Tuesday, September 10, 2013

Seeker : Whoever surrenders to Him, takes refuge in Him, puts himself in His protection, can he be regarded as an orphan? I ask you, whoever has not established contact with the Father, is he not an orphan?


Escape to the Himalayas

With eight years, as it was customary in his Brahmin caste he was about to be married. This led to a quick decision: 
Being a young student in Kashi, the next moring he left for the Himalayas. Eight years but undaunted:

The path was chosen, the decision was made. The young ascetic in Kashi, renouncing all worldly desires, set out next morning on a lonely upstream journey along the banks of the river Bhagirathi (the Ganga). With his mind fixed on the inward Goal the child advanced in rapid steps alongside the Ganga. The sun rose, the sandy trail became hotter and hotter, but he kept walking, undeterred, calm, ready to face all challenges. The river goddess suggested that he should drink a few sips of the holy water with the cup of his hands and rest a while under a shady tree. But he replied, "Mother," it is with your grace alone that I can make this lone journey. Let me not get into the habit of stopping: Let me reach soon a cave in the Himalayas where I can sit and find my life's fulfillment." Saying this, he bowed to Goddess Bhagirathi and moved on.

Without rest, without sleep, unafraid of the desolate night, he moved on and on and on. On and on. On and on and on. Hungry or thirsty, or hungry and thirsty, he drank a few mouthfuls of the Ganga water with his hollowed palm, and moved on. On and on. One day passed. Two days. What a test for Destiny to give to someone so young in years! And also to give him the fortitude that enabled him to pass it!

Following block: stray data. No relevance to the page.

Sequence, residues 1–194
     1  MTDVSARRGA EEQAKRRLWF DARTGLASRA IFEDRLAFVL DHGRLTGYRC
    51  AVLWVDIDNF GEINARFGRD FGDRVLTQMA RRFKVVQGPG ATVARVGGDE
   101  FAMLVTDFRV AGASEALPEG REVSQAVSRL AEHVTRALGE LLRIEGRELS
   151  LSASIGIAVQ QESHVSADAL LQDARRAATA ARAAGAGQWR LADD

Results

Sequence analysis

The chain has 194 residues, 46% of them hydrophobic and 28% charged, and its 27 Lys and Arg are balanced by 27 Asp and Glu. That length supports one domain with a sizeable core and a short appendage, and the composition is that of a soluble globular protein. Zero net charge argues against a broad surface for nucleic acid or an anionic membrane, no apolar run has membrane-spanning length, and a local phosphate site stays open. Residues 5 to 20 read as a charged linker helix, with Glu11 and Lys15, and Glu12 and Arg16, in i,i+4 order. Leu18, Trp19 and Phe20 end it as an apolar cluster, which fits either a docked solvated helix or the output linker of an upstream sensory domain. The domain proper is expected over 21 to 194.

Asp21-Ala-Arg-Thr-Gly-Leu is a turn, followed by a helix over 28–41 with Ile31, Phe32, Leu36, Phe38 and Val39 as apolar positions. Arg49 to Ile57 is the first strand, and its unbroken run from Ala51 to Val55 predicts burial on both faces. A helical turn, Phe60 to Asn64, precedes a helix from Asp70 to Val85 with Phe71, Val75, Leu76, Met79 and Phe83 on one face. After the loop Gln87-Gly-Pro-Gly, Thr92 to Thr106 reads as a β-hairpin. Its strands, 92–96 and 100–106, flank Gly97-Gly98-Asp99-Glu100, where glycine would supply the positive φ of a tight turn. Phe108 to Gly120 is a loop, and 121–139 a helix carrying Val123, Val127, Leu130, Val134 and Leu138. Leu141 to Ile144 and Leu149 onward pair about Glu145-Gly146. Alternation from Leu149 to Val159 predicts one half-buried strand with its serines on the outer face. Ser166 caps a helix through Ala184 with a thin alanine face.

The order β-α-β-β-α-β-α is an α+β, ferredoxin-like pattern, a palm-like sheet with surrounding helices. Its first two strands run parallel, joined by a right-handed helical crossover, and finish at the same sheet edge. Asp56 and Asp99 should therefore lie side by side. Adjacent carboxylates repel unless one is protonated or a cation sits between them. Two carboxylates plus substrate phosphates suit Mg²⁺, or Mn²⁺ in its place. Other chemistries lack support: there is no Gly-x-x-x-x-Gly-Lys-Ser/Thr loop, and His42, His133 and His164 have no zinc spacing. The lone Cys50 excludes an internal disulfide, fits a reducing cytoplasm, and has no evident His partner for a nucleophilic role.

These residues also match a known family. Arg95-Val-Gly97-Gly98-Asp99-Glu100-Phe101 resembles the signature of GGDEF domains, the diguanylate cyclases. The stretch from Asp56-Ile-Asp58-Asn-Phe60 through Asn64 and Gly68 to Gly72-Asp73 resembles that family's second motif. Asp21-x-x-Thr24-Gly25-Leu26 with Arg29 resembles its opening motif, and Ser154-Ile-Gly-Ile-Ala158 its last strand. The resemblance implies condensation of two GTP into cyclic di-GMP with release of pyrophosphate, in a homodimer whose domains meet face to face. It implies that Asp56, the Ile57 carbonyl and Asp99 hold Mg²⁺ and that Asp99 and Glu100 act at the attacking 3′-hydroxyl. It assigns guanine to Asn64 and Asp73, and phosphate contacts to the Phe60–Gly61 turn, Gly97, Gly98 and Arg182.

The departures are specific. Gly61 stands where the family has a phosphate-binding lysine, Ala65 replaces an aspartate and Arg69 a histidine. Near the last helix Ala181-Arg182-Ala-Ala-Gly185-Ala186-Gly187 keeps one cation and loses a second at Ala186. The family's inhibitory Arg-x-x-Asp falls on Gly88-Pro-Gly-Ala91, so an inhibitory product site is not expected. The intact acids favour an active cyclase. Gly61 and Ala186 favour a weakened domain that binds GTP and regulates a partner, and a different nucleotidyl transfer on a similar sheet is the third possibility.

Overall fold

It was nearing sunset on the third day. The young traveller was moving onwards, kicking up a lot of dust, leaping over shrubs, when a zamindar (village landlord) noticed him and wondered who he was and where he was going. He tried to send for him through his servant, but could he dare do that and insult the young traveller moving so freely and with such single-minded intent? When the servant failed to elicit response, the zamindar went himself.

"Who are you?" the zamindar asked, when he caught up to him at last. Came the reply,
"Why do you want to know? What is your intention?"
He entreated, "All I want to know is who are you and why are you going in such a great hurry on this rugged path at such an odd time."
The young ascetic said, "You are not in a position to know whether this is the right path or the wrong path, the right time or the wrong time. Sufficient for you to know, that l am travelling from Kashi to the Himalayas in order to meditate.
Go and mind your own business and don’t trouble me for nothing.'
The zamindar taken aback somewhat mustered courage
enough to say softly, “Maharaj,may I ask you when and where on the way you have begged tor food?”
He got the reply, "So far the Ganga water has been my food and my drink."
"Then come and have some food and rest before going further. That will give me satisfaction. Moreover, it’s getting to be dark."
"I'm not going to knock at anyone's door for food. As for satisfaction, I cannot believe that your giving me a meal would give you satisfaction. Satisfaction means that no desires remain and after that no desires arise. Your giving me alms is not going to give you that satisfaction. That can come only if you know the Supreme Essence, knowing which all else is known, and obtaining which nothing remains unobtainable. So make such efforts that bring you real satisfaction."